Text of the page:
"MFT reduces pressure on the use of a single ACT and increases the therapeutic life of multiple ACTs"
Multiple first-line treatment options for uncomplicated malaria
In 2001, the WHO recommended artemisinin-based combination therapies (ACTs) as first-line therapy for uncomplicated malaria, a decision largely driven by the devastating emergence of resistance to existing therapies (chloroquine and sulfadoxine–pyrimethamine) in Asia, Africa and Latin America.1
Currently, the WHO recommends six ACTs for the treatment of uncomplicated Plasmodium falciparum2,3 malaria, creating a pool of antimalarial medicines for uncomplicated malaria which healthcare workers in the public and private sectors can choose from. This is referred to as a multiple first-line treatment (MFT) policy and is a pre-emptive approach to drug-resistance management.
In this interview, Dr Mohamadou Siribié discusses the MMV-supported pilot MFT evaluation in Burkina Faso.
1. What are the inherent challenges and advantages of an MFT approach for the treatment of uncomplicated malaria?
MFT reduces pressure on the use of a single ACT and increases the therapeutic life of multiple ACTs, which are both critical in the fight against malaria. MFTs also improve access to a range of ACTs in endemic settings. In terms of challenges, the acquisition of sufficient ACTs for use in MFT can be difficult in a real-world setting. Managing ACT distribution and prevention of stockouts are other required considerations. The training of health workers and setting up supportive monitoring at a health facility level can also be challenging.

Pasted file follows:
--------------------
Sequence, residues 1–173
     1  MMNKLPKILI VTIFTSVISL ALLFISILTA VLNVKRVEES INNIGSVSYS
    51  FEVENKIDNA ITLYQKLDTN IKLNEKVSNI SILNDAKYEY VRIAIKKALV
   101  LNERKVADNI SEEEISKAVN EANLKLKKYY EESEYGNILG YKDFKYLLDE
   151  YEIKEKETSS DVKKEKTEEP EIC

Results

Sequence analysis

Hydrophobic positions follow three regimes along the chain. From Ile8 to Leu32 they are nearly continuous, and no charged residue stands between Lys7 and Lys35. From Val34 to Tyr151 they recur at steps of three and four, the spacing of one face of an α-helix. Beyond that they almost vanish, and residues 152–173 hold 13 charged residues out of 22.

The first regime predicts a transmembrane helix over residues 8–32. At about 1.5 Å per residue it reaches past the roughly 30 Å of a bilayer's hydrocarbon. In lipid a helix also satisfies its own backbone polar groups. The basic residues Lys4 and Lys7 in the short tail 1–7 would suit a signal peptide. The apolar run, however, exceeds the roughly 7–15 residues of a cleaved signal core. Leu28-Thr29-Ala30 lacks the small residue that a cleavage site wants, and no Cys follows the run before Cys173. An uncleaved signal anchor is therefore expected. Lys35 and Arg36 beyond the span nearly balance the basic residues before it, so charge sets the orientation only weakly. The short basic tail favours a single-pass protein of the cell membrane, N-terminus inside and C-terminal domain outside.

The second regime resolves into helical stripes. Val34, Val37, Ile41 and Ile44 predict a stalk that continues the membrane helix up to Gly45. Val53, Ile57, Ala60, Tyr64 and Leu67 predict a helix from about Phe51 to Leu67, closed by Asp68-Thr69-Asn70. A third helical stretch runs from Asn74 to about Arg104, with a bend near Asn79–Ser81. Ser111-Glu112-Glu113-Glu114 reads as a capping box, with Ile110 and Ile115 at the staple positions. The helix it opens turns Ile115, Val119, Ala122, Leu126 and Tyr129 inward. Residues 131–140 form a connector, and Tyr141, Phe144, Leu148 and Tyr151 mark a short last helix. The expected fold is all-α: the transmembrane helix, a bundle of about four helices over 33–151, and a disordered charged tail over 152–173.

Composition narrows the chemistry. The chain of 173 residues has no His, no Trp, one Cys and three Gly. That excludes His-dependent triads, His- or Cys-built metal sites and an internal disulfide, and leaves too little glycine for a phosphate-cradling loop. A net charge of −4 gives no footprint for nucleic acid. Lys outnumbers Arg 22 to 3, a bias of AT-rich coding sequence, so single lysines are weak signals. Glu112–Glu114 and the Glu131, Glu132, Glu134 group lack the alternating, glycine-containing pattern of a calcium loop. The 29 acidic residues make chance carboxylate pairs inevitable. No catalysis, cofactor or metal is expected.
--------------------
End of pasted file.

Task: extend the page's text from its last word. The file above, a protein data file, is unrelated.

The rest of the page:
2. Could you briefly describe the formative phase of the MFT pilot evaluation in Burkina Faso?
The formative phase of the pilot evaluation included the generation of baseline information and the development of tools for implementation. Baseline information included perception and expectation of MFT strategy by health system stakeholders and community members. In addition, it aimed to document any perceived/existing obstacles to implementation, treatment-seeking behaviour for febrile episodes/malaria, and morbidity and mortality rates in the pilot evaluation area. ACTs were delivered according to patient category (e.g. pregnant women) and age (adults/children).
3. Who were the partners you worked with and how was it conducted?
In Burkina Faso, a consortium was set up to conduct this pilot evaluation. The leading research institute in the consortium is the Groupe de Recherche Action en Santé. The Institut de Recherche en Sciences de la Santé is a second research institute that evaluates the effects of the programme through its health and demographic surveillance system that covers part of the pilot evaluation area. An additional partner is the Ministry of Health of Burkina Faso through its technical department, the National Malaria Control Programme. This serves as the main link between the researchers, the central drug store in the country and the national health system. This work is possible with the financial and technical support (i.e. protocol development and monitoring of activities) of MMV.